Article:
GOING WILD WITH NATIVES: Hooker’s Evening Primrose: Food for Wildlife



By Linda Jones.

One reason I garden with native plants is to recover a little of the lost habitat for wildlife. One fun plant that supports a variety of wildlife, especially in the fall, is Hooker’s evening primrose, Oenothera elata. There are two native O. elata subspecies in California: hirsutissima (which is widespread throughout the western United States) and hookeri. Since the subspecies are so similar and they can be found growing in close proximity to each other, and as they are both referred to as Hooker’s evening primrose, I will not separate them here.


This species of evening primrose is a perennial herb and, as opposed to most primroses, is an erect form that can grow to seven feet or more. In the first year of development, a rosette of twelve-inch long, lanceolate to elliptical leaves form, anchored by a tap root. In the second year, the tall, reddish stalks grow and bright yellow, two- to four-inch flowers bloom at the top of the stalks throughout the summer and into fall. Flowers may be produced year round. The blossoms have four heart-shaped petals with four sepals and eight stamen.

The yellow flowers start to open near dusk and bloom overnight when they are pollinated by the white-lined sphinx moth (also called hawk or hummingbird moth; related to—but not—the dreaded tomato horn worm). Bees, including native bees, butterflies, and hummingbirds that are active at dusk and dawn, also come to harvest the rich nectar and pollinate the flowers. Flowers are often open throughout the day, and they will wilt and turn orange as the day progresses. The bloom starts at the bottom of the flower stalk and a few blossoms open sequentially up the stalk each day. The flowers have a fragrance at night that attracts the pollinators.

In the fall, the two-inch-long seed pods open and spill their ripe seeds. This is when busy seed-eating birds cover the plants to feed—American and lesser goldfinches particularly, but also wrentits and other small seed eaters.

Adding Hooker's Evening Primrose to Your Garden's Wildlife Menu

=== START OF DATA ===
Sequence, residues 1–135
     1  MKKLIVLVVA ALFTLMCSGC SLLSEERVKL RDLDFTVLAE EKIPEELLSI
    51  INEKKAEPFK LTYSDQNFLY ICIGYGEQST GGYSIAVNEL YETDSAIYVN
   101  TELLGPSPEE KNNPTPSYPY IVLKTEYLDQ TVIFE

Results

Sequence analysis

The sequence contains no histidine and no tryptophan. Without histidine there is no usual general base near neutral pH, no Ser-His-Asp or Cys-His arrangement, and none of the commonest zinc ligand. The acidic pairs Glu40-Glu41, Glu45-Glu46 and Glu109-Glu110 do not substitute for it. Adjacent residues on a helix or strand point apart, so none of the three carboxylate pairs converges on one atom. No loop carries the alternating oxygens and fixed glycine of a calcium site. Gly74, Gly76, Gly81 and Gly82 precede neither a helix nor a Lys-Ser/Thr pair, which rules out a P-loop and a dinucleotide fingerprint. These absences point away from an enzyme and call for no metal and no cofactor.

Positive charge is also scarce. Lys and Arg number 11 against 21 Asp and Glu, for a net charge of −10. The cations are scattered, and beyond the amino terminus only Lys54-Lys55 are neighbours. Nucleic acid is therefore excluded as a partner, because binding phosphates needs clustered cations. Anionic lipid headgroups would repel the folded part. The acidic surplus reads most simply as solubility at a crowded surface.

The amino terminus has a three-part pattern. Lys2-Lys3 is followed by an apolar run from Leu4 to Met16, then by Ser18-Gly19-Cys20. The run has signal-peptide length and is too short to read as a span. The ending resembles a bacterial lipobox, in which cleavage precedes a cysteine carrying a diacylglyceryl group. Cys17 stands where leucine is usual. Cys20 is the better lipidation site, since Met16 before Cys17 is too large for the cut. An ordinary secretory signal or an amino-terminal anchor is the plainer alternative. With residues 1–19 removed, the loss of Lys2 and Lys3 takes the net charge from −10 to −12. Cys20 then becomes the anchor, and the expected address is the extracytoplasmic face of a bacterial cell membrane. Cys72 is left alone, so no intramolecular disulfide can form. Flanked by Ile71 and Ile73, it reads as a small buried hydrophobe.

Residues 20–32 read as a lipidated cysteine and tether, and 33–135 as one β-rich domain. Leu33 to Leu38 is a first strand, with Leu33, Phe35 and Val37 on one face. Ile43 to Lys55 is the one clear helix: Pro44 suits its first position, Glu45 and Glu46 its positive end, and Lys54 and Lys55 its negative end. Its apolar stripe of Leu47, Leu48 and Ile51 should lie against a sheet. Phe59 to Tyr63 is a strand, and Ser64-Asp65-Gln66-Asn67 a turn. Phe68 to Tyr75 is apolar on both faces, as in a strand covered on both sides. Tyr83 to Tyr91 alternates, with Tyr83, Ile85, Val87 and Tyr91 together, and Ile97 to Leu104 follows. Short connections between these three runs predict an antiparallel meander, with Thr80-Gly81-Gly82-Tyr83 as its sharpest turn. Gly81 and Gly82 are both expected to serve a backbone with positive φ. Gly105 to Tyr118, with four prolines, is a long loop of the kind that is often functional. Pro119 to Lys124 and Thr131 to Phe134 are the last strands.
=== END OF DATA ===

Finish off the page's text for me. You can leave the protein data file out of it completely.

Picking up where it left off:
Seeds are easy to gather and plant in situ. Although Hooker’s evening primrose is somewhat drought tolerant and is a pioneer plant in disturbed areas, it commonly occurs in more moist areas along streambeds and banks, or in areas that are seasonally wet. It blooms more if it has supplemental water. In summer, watering once per week is recommended. Grow it in sun or partial shade. This is not a fussy plant and grows in a variety of soils and conditions. Once established, it can be neglected.

Hooker’s evening primrose produces a prodigious amount of seed, so you may need to do some “crowd control” in your garden. In the wild, the plants are ultimately shaded out by taller shrubs and trees and therefore large areas are not a monoculture of evening primroses.

A few notes about this plant:

  • It is winter deciduous, so plant it where other plants can fill in at that time.

  • It grows in disturbed areas and will help stabilize a hillside.

  • It is edible and was widely used in the Old West for food. The roots, leaves, and stems can be eaten raw or cooked; however, it does not appeal to everyone since it is mucilaginous. Seeds were sometimes ground and made into a meal.

  • Some sources suggest that the name Oenothera probably comes from the Greek word for "wine". (The Greeks believed that the roots of their primrose species could neutralize the effects of over-indulging in wine. Hmmmmm...) "Donkey catcher" and "wine seeker" are two other possible interpretations.

  • The seeds produce an oil used in soaps and anti-inflammatory drugs.

  • Gamma-linolenic acid (an omega-6 fatty acid) was first isolated from the evening primrose. It is used by pharmaceutical companies and the nutrition industry for a wide variety of conditions.

  • There is some indication that evening primrose can be irrigated with reclaimed water due to its tolerance of salts.

  • In California, the family of evening primroses, Onagraceae, includes sun cups (Camissonia species), Clarkia species, and California fuchsia (Epilobium canum).

All images are courtesy of the author.

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